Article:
What’s Your Weakness?


No, we’re not talking about a sweet tooth or chocolate craving. We’re talking about your professional weaknesses. The most successful people understand what their weaknesses are so they can mitigate them and focus on strengths. Here are ways to uncover your weaknesses and how you can improve upon them so they don’t hold your career back.

First, accept that having weaknesses is ok.

The first step in identifying or gaining clarity on any personal situation or evaluation is to acknowledge it exists. None of us are perfect; we all have flaws, imperfections—and yes even weaknesses. Once we admit this, we can move on to mitigating them or turning them into strengths.

Examine the role of the position or current job.

Take a close look at your current position. Examine what the duties of the job truly entail. Parse it out, and inspect it, then draw distinctions between what is expected and what you do. Write down questions as you go: What do I struggle with in this position? Do I get along with others? When a sudden work situation comes up, have I been good at solving the problem? How do I work on tight deadlines? Do I begrudge others time in the spotlight? Am I good listener? Take a deep dive into how you work, and you’ll start to see trends—strengths and weaknesses will emerge.

Ask people you trust.

One way to identify weaknesses is to ask others you know and trust what they see as potential weaknesses in you. Look to three to five people you know will give you unbiased information. Take them to coffee or lunch, one at a time, and give them some context as to why you are looking for this information. Ask them what it is about you they think will contribute to your success. Then, ask them to tell you the weaknesses you have that may cause you to fail. As they are talking, take notes. Afterward, compare what they offer with what you have already written down to see what matches up.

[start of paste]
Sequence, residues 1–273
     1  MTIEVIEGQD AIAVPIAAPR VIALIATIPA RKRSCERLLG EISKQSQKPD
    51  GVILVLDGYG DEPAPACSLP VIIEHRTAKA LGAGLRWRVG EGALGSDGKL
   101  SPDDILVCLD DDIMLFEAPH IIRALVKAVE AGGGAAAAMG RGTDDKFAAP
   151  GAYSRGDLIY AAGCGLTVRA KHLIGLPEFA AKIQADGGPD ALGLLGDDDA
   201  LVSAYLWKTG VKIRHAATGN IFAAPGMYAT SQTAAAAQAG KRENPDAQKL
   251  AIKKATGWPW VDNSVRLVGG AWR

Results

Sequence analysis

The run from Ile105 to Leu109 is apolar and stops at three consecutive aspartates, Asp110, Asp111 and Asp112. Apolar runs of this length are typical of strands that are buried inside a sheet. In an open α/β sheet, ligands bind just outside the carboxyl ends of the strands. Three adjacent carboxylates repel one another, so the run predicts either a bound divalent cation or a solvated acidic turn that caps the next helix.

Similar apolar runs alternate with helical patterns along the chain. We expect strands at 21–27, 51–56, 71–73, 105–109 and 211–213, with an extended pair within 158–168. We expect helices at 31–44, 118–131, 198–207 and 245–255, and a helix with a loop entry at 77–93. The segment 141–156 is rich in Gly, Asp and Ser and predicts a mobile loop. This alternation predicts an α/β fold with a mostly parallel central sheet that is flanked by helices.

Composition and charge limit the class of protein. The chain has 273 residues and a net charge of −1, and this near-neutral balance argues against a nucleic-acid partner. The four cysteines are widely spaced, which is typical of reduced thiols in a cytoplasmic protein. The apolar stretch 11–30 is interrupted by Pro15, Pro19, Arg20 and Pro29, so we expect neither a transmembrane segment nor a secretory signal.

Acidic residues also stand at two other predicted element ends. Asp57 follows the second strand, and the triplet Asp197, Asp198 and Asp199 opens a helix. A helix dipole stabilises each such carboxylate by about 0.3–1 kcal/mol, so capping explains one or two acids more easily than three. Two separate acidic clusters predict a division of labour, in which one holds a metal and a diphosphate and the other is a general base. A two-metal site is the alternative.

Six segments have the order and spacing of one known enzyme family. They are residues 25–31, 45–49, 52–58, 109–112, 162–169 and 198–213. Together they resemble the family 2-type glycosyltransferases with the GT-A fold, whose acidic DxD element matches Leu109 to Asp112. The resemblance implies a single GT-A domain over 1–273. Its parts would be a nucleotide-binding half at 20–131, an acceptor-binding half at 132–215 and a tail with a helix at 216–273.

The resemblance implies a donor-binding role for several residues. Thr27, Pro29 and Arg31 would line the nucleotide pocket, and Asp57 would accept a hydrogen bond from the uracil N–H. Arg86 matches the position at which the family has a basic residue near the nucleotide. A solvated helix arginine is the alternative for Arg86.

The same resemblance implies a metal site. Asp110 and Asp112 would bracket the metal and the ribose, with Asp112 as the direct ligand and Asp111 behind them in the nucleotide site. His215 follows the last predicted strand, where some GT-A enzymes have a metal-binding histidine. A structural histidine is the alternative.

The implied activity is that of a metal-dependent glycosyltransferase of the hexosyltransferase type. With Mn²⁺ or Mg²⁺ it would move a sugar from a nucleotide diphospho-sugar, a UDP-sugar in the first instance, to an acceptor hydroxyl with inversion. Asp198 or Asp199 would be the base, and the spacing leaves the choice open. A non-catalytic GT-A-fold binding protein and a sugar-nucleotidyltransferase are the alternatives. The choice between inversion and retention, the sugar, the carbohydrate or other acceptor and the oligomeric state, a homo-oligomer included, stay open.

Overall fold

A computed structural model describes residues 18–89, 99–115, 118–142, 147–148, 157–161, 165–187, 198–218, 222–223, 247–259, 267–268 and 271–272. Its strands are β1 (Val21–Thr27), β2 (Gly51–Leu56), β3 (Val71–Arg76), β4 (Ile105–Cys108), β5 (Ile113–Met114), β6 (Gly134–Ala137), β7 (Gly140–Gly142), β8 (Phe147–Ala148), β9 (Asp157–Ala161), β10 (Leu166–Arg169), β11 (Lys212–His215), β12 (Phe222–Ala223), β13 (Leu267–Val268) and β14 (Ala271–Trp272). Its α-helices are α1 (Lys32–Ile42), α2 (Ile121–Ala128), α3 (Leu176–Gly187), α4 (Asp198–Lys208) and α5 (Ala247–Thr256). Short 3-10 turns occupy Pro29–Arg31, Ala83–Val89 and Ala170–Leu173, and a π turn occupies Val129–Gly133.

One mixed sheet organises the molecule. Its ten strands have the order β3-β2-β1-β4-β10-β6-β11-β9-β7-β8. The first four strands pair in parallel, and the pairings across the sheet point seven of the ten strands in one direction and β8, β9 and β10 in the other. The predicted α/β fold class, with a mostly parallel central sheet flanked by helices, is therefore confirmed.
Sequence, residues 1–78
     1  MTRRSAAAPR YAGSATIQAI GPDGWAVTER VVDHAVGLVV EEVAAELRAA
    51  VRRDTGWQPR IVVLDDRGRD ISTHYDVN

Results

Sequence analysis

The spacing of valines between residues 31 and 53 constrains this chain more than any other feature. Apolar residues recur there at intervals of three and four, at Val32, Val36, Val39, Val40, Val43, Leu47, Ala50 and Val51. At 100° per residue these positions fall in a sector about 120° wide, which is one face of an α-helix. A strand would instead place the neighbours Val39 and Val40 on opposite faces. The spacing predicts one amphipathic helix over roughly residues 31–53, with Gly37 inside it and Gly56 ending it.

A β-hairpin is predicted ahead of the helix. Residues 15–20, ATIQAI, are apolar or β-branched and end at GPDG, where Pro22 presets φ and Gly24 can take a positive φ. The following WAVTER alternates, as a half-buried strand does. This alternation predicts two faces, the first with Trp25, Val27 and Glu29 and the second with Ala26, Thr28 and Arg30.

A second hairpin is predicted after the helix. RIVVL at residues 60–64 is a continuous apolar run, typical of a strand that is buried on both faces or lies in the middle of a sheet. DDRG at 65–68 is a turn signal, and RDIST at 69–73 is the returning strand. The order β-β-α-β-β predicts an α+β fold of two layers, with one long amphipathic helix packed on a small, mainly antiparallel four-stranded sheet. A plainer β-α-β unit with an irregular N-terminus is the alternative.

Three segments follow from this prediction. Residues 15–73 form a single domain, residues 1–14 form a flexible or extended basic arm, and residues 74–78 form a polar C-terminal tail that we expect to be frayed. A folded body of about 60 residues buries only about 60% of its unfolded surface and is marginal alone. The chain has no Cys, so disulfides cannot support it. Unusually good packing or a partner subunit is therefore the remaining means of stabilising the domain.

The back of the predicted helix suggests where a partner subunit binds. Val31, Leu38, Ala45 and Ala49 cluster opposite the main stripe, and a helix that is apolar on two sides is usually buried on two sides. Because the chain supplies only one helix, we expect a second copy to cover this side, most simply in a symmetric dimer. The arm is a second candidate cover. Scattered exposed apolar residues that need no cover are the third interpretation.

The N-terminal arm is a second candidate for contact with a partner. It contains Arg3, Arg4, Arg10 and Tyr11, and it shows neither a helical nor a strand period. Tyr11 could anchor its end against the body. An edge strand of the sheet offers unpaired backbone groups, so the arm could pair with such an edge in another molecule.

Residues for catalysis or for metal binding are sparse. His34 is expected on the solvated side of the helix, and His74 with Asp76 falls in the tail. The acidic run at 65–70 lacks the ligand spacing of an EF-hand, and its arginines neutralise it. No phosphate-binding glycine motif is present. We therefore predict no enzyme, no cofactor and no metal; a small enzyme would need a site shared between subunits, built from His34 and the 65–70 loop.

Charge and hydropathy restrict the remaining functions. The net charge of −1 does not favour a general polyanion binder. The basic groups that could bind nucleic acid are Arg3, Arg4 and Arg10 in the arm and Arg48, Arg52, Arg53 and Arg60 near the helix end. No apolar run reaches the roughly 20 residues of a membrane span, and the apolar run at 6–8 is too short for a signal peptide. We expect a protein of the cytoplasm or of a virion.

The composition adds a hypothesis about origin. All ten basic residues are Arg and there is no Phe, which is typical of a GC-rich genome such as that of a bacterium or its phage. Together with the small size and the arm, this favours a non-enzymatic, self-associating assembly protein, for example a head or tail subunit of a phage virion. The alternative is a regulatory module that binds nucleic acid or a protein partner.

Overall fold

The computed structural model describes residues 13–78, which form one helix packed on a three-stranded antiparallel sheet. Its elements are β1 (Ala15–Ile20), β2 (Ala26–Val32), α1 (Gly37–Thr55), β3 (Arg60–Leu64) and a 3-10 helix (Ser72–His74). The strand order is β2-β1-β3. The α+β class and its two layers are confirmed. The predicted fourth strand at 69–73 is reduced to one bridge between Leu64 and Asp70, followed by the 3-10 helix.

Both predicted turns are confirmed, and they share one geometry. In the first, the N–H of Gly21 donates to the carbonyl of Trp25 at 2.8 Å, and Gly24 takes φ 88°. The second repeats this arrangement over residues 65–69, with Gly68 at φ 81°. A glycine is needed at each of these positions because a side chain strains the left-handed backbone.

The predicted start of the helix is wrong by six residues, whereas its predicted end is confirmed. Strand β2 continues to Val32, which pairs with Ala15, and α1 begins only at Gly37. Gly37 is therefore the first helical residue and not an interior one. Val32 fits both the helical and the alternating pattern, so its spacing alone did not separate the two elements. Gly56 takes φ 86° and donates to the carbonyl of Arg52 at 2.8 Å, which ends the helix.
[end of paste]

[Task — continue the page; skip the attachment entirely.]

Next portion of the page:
Myers Briggs.

If you really want to get a complete picture of your weaknesses, take the Myers Briggs Type Indicator test. This test is the gold standard for corporate-level personality tests. The test measures you within a framework of four areas: energy (introvert versus extrovert), decision making, taking in information, and approaching the outside world. There are several versions available online for free, but don’t offer a complete picture. You can purchase the test for just $50.00, and get a sense of what your strengths and weaknesses are. This will prepare you for furthering your career or interviewing for a new one.

Go outside your comfort zone.

Try to get creative, meaning, think outside work and professional limits. Join a group, take a cooking or painting class, learn about digital media, take lessons like singing or dancing; anything that puts you in a different setting. Start identifying where you struggle and where you shine. As you start to notice your strengths and weaknesses in these areas, write them down. Think about why you struggled with certain things. Did you not attend every lesson? Were you late to a class? Did you zone out as an instructor was talking? Did you sign up for something; then not follow through? Note the areas in which you struggle and then focus on improving those areas.

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